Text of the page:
The creator economy has its own 1%, but what must happen for a maker middle class to emerge?
For independent creators today, there are more options than ever to turn a passion into an income stream. Makers and creatives of all kinds—from streamers, to artists, to DIYers—can open up an online store, advertise, and develop a personal brand all on their own. And in recent years this creator economy has ballooned. Over half of Gen Z express interest in becoming influencers, and kids would much rather be YouTubers than astronauts.
But the creator economy is not exempt from the pitfalls of capitalism: wealth is pooling at the top and only a fortunate few are currently able to make their creations their career. This means there’s potential for an emerging middle class of independent creators.
But what would need to happen to make that a reality and how does our perception of creative work play into its value?
Making a living in the creator economy
The concept of the middle class has become more vague over the years, and even now there’s no common definition everyone points to. What’s clear for the creator economy, with a lack of external resources in comparison to traditional business models, is that it includes unique challenges in achieving economic stability.
“From 1880 to 1980, the middle class really was like a magnet,” says co-founder of NPR’s Planet Money and author of The Passion Economy, Adam Davidson. “If you were below, it was like the whole economy—the education system, the job market—was pushing you up towards the middle. Now, it’s almost like the polarity flipped, pushing everyone outwards. Basically, the core logic of how you get ahead has shifted.”
This shift has pushed some creators to take a risk and try to make a living outside of the traditional nine-to-five. But risk is the keyword: for those who dream of vlogging for pay, 97.5% of YouTubers don't make enough to reach the U.S. poverty line. “Whatever solution you find today is never stable,” says Davidson, partially because we no longer have a shared language around this new economic reality.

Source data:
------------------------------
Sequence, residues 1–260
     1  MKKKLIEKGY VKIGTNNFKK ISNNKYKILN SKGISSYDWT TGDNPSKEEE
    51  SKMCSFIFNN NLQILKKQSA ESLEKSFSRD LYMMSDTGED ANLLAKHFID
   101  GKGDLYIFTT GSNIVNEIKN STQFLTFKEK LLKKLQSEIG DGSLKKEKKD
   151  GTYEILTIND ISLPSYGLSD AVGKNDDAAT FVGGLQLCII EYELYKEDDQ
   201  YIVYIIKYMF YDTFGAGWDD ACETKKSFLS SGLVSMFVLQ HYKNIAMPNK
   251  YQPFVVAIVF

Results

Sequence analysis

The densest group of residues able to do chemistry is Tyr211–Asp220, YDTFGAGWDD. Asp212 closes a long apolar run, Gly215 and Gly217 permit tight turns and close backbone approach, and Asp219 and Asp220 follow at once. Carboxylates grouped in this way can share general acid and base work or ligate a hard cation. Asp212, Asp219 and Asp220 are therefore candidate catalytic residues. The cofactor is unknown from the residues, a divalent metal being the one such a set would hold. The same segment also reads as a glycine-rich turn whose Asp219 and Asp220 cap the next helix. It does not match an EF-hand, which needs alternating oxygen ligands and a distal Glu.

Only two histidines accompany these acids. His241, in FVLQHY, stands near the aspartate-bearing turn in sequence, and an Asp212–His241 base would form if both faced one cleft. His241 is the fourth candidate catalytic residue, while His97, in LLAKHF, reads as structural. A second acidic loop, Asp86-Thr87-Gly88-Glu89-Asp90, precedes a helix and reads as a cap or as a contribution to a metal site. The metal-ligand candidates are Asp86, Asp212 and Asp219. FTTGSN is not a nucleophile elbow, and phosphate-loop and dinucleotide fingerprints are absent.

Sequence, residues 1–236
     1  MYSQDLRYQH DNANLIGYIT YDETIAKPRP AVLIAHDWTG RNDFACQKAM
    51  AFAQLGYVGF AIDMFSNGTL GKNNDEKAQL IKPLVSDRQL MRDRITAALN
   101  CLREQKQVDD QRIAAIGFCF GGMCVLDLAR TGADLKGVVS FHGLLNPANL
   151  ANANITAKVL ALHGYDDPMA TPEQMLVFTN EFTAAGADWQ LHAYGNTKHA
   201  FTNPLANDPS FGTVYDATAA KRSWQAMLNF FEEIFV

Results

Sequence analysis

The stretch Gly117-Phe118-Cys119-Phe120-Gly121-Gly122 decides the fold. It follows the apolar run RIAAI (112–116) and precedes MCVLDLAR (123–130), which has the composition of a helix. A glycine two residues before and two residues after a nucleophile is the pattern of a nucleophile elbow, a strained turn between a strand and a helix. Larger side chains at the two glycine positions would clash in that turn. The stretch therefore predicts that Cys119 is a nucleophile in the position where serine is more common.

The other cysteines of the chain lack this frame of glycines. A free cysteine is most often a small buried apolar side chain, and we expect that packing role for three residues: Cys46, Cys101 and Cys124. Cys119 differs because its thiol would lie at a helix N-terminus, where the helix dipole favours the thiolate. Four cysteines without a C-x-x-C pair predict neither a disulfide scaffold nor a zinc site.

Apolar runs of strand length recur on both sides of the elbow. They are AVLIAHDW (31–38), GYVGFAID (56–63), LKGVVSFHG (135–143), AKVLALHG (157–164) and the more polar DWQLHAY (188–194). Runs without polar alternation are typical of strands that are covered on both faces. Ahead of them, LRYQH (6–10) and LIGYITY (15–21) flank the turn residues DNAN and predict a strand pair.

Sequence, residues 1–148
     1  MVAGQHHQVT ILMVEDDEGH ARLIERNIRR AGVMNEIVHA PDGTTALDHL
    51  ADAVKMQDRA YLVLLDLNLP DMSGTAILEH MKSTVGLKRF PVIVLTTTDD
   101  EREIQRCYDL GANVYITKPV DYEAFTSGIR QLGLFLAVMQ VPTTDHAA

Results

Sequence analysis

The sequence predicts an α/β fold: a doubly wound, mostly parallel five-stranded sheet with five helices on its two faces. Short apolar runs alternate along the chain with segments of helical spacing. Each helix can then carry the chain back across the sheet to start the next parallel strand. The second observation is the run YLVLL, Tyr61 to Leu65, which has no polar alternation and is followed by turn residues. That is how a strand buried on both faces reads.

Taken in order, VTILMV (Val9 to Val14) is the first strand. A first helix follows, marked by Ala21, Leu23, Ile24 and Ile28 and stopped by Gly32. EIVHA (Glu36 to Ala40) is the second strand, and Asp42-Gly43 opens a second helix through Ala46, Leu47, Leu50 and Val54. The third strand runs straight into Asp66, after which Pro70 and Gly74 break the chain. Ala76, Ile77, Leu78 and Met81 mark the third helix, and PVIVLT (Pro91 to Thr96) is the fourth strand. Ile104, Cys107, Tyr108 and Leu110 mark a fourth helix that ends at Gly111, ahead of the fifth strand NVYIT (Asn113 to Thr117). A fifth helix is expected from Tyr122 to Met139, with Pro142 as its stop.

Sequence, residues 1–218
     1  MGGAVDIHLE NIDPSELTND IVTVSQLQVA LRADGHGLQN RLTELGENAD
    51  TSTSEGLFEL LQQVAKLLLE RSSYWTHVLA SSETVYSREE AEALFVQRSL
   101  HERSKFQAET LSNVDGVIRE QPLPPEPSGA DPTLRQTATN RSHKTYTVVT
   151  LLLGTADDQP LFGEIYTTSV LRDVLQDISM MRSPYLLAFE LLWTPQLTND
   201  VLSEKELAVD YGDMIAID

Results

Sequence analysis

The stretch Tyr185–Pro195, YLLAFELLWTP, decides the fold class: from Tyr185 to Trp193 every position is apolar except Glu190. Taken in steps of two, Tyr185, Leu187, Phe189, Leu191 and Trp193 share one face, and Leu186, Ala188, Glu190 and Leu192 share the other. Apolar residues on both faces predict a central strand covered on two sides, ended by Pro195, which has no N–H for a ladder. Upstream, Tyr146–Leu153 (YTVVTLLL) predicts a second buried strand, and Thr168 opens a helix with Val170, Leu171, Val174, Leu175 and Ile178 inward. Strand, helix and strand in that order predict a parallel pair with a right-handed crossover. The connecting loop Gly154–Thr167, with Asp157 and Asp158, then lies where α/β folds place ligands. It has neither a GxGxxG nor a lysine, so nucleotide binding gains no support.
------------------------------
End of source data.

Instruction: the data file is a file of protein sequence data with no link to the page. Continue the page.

This reality is changing creator mindsets from “I’m just lucky to be here” to wanting some ownership over their business model. But with the sheer volume of creators competing for eyeballs and the inability to secure the kinds of loans and financing that traditional businesses have access to, this new awareness also highlights the current gaps that are holding some back.
97.5% of YouTubers don't make enough to reach the U.S. poverty line
One way to mitigate those gaps is as simple as picking the right platform. But as much personal responsibility as any one creator takes, platforms still hold much of the power. “It’s vital for creator platforms to provide paths for upward mobility and democratize opportunities to succeed,” says Li Jin, dubbed the passion economy pioneer, in her Harvard Business Review article.
And that desire for ownership of the business model is showing up just as it did historically during the industrial revolution. In April, 17,000 Etsy sellers participated in a strike, protesting platform fee increases, among other demands. Similar labor movements of the past helped build the middle class of the 20th century. As the creative class grows, and a common vernacular is developed around what it means to succeed in today’s market, creators could have more of a say in how their own businesses are run.
Creating new pathways for creators
The easier it is to monetize your work, the fewer barriers to entry there are, and the closer we can creep to a creator middle class. It makes sense then that new crops of platforms like Dropbox Shop are popping up to meet the demand of creators looking to reduce the friction between their work and selling it directly to their audience.
As more of these platforms emerge, they set a new standard for services that cater to creators—an ease of set-up and a centralization that makes being an independent business simpler. Running a business is so much more than simply producing. There’s advertising, shipping, web maintenance, let alone building a following strong enough to sustain you. When platforms can take some of the burden off of small businesses to begin with, that’s where we see a leveling of the playing field and a diversity of perspectives flooding the marketplace.